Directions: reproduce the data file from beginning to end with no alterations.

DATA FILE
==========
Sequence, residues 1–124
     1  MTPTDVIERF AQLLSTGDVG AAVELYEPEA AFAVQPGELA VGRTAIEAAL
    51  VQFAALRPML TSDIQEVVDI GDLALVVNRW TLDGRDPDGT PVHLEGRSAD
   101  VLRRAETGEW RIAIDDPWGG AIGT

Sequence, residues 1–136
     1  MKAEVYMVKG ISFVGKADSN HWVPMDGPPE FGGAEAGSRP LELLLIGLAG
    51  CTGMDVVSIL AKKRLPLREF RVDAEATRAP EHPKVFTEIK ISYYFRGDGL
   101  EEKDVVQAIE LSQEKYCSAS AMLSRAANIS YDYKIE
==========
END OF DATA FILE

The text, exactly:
Sequence, residues 1–124
     1  MTPTDVIERF AQLLSTGDVG AAVELYEPEA AFAVQPGELA VGRTAIEAAL
    51  VQFAALRPML TSDIQEVVDI GDLALVVNRW TLDGRDPDGT PVHLEGRSAD
   101  VLRRAETGEW RIAIDDPWGG AIGT

Sequence, residues 1–136
     1  MKAEVYMVKG ISFVGKADSN HWVPMDGPPE FGGAEAGSRP LELLLIGLAG
    51  CTGMDVVSIL AKKRLPLREF RVDAEATRAP EHPKVFTEIK ISYYFRGDGL
   101  EEKDVVQAIE LSQEKYCSAS AMLSRAANIS YDYKIE